I often wonder what would have happened if we had initiated this project earlier and been more convincing. Could we have been ‘the Finland’ of education, proving that we can monitor children’s learning progress, identify students at risk early in their school lives, prioritise funding based on need  – all without the distorting effects of NAPLAN and MySchool?

We can’t go back in time but we can advocate for a bigger, bolder approach to addressing the significant problems associated with our current NAPLAN architecture. The parliamentary report failed us here but this should not stop us.

I have written this piece because I wanted us to imagine, for a moment, that it is possible to have more courageous bold and educationally justifiable policy solutions around assessment than what we have now. The pedestrian “rearrange the deck-chairs” of this Report is just not good enough.

So here is my recommendation, and I put it out as a challenge to the many professional education bodies and teacher Education Institutions out there.

Set up a project as follows:

Identify a group of our most inspiring education leaders through a collaborative peer nomination process. Ensure the group includes young and old teachers and principals, teachers with significant experience in our most challenging schools especially our remote Indigenous schools. Provide them with a group of expert critical friends – policy experts, testing and data experts, assessment and literacy experts and ask them to:

  • Imagine there is no current assessment infrastructure
  • Devise an educationally defensible assessment architecture – taking a green fields approach

I can almost guarantee that this working group would not invent NAPLAN and MySchool or anything like it, and we would be significantly better off.

We have dug ourselves into an educationally indefensible policy hole because we have allowed politicians and the media to drive key decision. To my knowledge we have never established an expert group of educational practitioners with access to specialist expertise to develop better policy solutions in education. Why don’t we give it a try?

Any takers?

[1] I understand that NSW does use the NAPLAN results to channel some additional funds to low performing schools but these are above the line payments.

So Andrew Penfold shows his true colours and why I am not surprised.

According to The Australian, Andrew Penfold has broken ranks with all the other members of the PM’s Indigenous Council to support the proposed changes to the Racial Discrimination Act.

So what can we make of this?  Is Penfold brave – standing up to un-thought-through conventional wisdom? Or is he ignorant and dangerously misinformed?

My take is that he is ignorant.  His world is a privileged sheltered space and his experience of how racism affects Indigenous people is informed – or not informed –  by his sheltered context.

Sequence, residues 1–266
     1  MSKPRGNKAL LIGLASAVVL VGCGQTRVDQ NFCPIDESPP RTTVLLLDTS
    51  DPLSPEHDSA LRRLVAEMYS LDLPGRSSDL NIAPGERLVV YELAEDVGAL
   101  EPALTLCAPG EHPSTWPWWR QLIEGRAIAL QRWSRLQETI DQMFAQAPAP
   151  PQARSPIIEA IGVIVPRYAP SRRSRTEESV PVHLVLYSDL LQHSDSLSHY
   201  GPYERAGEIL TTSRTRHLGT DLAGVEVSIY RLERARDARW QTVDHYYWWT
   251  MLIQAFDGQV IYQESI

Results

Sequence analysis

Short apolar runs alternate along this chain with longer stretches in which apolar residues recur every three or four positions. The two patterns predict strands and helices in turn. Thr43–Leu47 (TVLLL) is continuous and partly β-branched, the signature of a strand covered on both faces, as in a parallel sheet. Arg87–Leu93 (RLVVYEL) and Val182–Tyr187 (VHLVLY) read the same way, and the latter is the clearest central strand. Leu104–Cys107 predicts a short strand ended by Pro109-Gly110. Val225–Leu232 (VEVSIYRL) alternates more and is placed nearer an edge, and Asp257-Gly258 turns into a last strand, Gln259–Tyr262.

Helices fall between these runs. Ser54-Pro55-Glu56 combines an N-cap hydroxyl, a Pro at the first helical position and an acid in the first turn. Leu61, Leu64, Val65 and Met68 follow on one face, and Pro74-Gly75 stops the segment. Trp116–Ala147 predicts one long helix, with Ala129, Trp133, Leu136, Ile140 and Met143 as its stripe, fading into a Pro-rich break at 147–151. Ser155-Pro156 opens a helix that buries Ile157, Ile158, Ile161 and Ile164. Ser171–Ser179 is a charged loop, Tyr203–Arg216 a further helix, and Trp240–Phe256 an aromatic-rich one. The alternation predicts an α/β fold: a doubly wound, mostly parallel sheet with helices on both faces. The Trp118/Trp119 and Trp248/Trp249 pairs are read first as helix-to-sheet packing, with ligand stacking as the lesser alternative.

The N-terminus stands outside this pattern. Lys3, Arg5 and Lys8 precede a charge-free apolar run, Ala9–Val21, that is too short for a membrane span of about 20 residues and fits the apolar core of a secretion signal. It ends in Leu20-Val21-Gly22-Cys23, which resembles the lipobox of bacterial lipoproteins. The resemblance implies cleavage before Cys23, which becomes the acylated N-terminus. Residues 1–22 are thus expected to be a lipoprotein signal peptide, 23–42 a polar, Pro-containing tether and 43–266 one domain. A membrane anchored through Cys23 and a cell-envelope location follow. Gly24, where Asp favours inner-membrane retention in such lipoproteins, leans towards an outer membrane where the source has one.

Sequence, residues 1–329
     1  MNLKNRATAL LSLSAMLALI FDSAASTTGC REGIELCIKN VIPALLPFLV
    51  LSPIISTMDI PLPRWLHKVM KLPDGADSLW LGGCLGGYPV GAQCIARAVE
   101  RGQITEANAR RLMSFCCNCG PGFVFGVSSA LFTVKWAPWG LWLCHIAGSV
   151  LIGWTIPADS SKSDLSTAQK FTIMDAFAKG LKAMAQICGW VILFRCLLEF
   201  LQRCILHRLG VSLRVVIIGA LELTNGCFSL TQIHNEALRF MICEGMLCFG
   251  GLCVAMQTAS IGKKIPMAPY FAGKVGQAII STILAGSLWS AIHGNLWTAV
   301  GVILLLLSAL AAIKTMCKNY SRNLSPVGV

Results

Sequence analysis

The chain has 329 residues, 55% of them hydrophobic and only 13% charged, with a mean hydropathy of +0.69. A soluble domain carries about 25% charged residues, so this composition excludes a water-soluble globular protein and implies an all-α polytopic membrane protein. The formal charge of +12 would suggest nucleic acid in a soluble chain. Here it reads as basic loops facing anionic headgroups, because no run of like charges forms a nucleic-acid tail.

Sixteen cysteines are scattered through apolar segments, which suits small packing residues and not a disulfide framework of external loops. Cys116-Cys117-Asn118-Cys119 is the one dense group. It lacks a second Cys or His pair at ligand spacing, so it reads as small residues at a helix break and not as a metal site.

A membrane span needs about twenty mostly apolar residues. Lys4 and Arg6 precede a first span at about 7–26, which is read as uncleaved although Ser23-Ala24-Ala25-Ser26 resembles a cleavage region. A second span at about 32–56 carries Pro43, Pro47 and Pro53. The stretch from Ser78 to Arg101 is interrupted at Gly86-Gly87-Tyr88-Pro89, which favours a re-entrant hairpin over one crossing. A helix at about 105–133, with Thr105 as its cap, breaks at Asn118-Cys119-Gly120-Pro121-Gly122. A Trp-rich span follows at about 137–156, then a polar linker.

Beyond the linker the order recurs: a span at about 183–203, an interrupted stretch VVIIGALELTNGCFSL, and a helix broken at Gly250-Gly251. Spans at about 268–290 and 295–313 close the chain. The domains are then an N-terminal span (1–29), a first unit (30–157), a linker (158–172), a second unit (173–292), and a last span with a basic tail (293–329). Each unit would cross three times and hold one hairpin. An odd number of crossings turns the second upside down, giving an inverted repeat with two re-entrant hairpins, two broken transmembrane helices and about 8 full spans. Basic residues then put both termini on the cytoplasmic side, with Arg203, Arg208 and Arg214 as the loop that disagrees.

Now I am not a scholar of human rights, the RDA and the debate around free speech and I accept that there may be areas of the RDA that could benefit from a careful review. 

For example, Sara Joseph who is an expert has argued here that the outlawing of talk that offends or insults may tip the balance between free speech and race discrimination too far.  But in saying this she also stresses that this is a view that has not been formed based on personal experience of being subjected to racially offensive language.  She also argues that the courts have never taken a stringent position in interpreting this provision, so the driver to change it is not really there (note: it was not the provision that Bolt contravened).

But there are real problems with the current exposure draft and Sara Joseph’s article is a nice summary of the problems, and worth a careful read.

However, it is clear to me that Penfold has not read Joseph’s article or Waleed Aly’s very damming piece

So how did this upper middle class business man who was educated at elite private schools earn a place on the PM’s Indigenous Council, and an AO to boot, just this year.

Andrew Penfold is widely known as the man who established the Australian Indigenous Education Foundation (AIEF) and its associated Indigenous Scholarship to elite private schools scheme.  He is well known because the media has been saturated by feel good stories about individual Indigenous children who have been rescued from a remote backwater and who are now destined for greatness. Penfold himself has authored many of these stories.

Now I am not that concerned about a successful business man setting up a charity that funds poor traditionally living Indigenous kids to attend Australia’s most elite schools, although I do have concerns about it.